From CQ Politics, more on the increasing relevance of the Center of American Progress. Economic advisers to President-elect Barack Obama marched into the spotlight last week — who knew that there would be so many of them? Lessons from 40 years of education "reform": Let's abolish local school districts and finally adopt national standards. Once a quixotic slogan, the idea of actually dismantling every nuclear weapon is attracting mainstream policy thinkers. Matthew Yglesias on how to repair our relationship with Europe. A review of Deciding the Next Decider: The 2008 Presidential Race in Rhyme by Calvin Trillin. Michael Phillips and Keith Sutherland. All the presidents' books: Barack Obama isn't the first American president to cause tremors in the literary world. Figures of Subjective Destiny: Alain Badiou on Samuel Beckett, and 35 propositions from Logiques des mondes. From Metapsychology, a review of Radical Alterity by Jean Baudrillard and Marc Guillaume; a review of Forgiveness: How Religion Endangers Morality by R. A. Sharpe; a review of Happiness: A Revolution in Economics by Bruno S. Frey; and a review of America Unzipped: In Search of Sex and Satisfaction by Brian Alexander. Some might call it prostitution; Melissa Beech calls it a "mutually beneficial arrangement" that pays for her killer wardrobe. Why are Christians having better sex than the rest of us?  

From The American Conservative, a special issue on the legacy of George W. Bush. From The Economist, a special report on Russia. From The National, the situation in Afghanistan is not as bad as you've heard, it's worse — Nir Rosen reports; and angry young men: A review of The China Fantasy: Why Capitalism Will Not Bring Democracy to China by James Mann and Chinese Cyber Nationalism: Evolution, Characteristics, and Implications by Xu Wu. From In Character, a special issue on forgiveness, including essays by Theodore Dalrymple and Michael Dirda. From NYRB, a review of Reborn: Journals and Notebooks, 1947–1963 by Susan Sontag, edited by David Rieff (and more from Bookforum); and Orhan Pamuk on his Turkish library. Amazon Warriors: Thanks to the Internet, everyone's a book critic. The ideas of the pioneering anthropologist Claude Levi-Strauss still inform contemporary understandings of the human mind and its cultures, says Dan Sperber. Why piracy pays: An interview with Peter Lesson, author of The Invisible Hook: The Hidden Economics of Pirates. Why don't we hang pirates anymore? Bret Stephens wants to know. Noam Chomsky on the election, economy, war, and peace. Jeffrey Leonard on the $30 billion rebate: Why car buyers, not car companies, should get a bailout.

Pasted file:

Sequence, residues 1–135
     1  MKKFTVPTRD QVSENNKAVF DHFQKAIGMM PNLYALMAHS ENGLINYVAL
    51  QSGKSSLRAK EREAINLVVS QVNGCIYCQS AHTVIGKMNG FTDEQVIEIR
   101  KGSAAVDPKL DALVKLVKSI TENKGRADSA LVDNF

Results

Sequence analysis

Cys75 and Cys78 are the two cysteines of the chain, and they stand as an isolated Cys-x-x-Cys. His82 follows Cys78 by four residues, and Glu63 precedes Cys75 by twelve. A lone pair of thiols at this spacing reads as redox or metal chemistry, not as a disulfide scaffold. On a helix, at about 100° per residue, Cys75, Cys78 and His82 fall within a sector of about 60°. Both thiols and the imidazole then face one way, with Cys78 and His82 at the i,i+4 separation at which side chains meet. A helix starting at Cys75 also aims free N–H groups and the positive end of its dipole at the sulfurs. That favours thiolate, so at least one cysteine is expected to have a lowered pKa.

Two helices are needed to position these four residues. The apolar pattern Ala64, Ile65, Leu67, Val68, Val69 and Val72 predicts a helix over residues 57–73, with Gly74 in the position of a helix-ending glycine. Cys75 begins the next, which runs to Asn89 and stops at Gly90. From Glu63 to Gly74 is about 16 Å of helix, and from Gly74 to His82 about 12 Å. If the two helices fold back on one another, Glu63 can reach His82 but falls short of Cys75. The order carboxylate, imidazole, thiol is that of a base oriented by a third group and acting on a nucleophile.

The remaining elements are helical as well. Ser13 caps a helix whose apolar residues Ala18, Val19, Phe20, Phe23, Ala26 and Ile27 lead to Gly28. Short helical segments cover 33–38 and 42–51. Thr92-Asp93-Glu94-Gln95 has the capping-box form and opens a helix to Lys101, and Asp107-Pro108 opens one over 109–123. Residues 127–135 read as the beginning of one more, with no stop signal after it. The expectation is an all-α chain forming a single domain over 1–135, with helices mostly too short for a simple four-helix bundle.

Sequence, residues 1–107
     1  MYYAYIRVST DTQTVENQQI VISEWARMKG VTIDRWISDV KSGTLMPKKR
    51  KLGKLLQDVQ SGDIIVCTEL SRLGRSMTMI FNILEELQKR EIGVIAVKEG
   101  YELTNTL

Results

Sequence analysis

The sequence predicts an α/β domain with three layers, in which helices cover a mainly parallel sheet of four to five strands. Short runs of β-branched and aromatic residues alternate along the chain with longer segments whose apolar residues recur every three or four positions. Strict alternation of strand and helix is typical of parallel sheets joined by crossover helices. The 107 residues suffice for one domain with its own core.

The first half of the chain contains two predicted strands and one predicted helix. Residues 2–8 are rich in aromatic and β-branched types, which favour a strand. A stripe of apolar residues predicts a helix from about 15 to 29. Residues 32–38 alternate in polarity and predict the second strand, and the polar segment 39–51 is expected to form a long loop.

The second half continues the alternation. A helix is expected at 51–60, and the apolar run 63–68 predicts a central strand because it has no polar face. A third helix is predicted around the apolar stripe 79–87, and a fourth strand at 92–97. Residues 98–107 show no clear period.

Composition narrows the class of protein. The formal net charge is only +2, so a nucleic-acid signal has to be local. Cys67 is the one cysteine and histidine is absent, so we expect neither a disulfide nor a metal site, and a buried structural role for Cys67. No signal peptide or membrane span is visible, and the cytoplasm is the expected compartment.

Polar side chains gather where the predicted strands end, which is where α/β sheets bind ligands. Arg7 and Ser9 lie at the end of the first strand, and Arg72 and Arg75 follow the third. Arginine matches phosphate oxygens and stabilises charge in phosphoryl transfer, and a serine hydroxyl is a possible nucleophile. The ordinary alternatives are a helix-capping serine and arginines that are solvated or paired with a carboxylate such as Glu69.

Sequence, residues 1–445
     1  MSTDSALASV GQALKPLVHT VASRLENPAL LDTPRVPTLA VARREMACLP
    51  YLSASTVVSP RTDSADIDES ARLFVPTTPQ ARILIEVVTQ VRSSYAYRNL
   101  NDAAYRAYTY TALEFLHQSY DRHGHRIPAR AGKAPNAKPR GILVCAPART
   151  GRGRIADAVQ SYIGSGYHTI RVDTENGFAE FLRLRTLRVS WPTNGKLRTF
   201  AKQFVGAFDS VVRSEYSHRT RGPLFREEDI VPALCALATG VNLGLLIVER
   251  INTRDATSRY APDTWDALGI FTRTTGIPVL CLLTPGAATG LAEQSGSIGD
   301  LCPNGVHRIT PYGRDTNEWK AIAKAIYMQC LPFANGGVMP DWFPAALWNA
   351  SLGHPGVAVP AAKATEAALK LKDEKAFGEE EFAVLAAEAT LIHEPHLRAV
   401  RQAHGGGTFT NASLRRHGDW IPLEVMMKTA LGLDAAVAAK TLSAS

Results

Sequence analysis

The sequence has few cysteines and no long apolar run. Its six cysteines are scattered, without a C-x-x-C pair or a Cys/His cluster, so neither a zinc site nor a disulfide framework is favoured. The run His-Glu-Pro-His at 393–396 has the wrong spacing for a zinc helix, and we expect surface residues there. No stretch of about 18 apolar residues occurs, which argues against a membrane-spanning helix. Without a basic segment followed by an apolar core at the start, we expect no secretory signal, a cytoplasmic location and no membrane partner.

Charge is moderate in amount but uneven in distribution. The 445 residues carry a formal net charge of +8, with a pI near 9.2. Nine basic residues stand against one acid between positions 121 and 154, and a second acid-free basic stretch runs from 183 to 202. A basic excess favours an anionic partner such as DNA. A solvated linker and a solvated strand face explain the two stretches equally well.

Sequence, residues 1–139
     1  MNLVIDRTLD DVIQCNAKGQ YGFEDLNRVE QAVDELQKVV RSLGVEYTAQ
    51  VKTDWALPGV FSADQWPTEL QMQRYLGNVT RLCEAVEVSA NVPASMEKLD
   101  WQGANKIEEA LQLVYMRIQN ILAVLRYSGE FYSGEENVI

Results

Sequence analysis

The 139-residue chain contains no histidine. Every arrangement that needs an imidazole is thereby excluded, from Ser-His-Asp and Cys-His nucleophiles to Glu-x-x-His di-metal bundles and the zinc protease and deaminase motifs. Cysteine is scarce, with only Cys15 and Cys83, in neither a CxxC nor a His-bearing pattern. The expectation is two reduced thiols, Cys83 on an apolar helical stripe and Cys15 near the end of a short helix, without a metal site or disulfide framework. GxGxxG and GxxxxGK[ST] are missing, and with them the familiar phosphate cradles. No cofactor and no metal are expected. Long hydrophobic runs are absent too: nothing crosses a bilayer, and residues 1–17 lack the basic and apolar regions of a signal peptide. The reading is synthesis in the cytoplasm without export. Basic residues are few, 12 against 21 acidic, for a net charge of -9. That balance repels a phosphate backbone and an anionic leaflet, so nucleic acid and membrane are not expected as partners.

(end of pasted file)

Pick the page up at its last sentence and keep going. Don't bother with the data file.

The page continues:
From The National Interest, Daniel Drezner on oil dependence as virtue: It turns out, a world without oil dependence is a world that doesn’t need an American superpower; a review of books on the Arab center; Jacob Heilbrunn on Reflections from the Right: A review of books; a review of Will Terrorists Go Nuclear? by Brian Michael Jenkins; and terrorists are getting creative — what can we do about it? "Our culture is better": An interview with Geert Wilders, champion of freedom or anti-Islamic provocateur? Do conflicts cause poverty, or vice-versa? Democratic doubt: What happens when political freedom unleashes epic violence? An interview with James M. McPherson, author of Abraham Lincoln as Commander in Chief. Left Turn Ahead: William Appleman Williams and Gabriel Kolko impart vital lessons for the Right. Michael Dirda reviews The Best of All Possible Worlds: A Story of Philosophers, God, and Evil by Steven Nadler. A review of The Last Superstition: A Refutation of the New Atheism by Edward Feser. Next year In Birobidzhan: An article on Stalin’s Siberian Zion. The next thing in student loans: Investors pay your bills — you give them a share of your future. A review of Dilettanti: The Antic and the Antique in Eighteenth-Century England by Bruce Redford. More and more and more on Stop Me If You’ve Heard This by Jim Holt.

From Dissent, a symposium on The First 100 Days; and the world's warden: Crime, punishment, and politics in the United States. From Radical Middle, an article on making the U.S. justice system less mechanistic and more compassionate. Sympathy for the Devil: Crime stats say L.A.'s streets are safer than ever, so why are gang hoods still so bloody? What is life really like for the police who tackle serious crime? Louis Theroux found out. From TNR, better than a bailout: Here's how to rescue Detroit without forcing them into bankruptcy; an the Great Detroit Paradox: How much of the blame should fall on the unions? From Triple Canopy, the gift of eternal life: A filmmaker visits the Holy Land Experience theme park, where Christ is crucified twice a day; specters of a young Earth: The dinosaurs at Kentucky’s Creation Museum are stalking evolution, reason, and the American city; and currents in logic made ancient, for OS 9 — an artist project bringing together the fragments of Heraclitus and the calculus of truth tables. The ghost of cotton: How vanished plantations still shape American voting. A review of Seven Days in the Art World by Sarah Thornton (and more and more; and more from Bookforum). Google’s Gatekeepers: Nicole Wong and her colleagues decide what the world can see on YouTube — are they also determining the limits of free speech?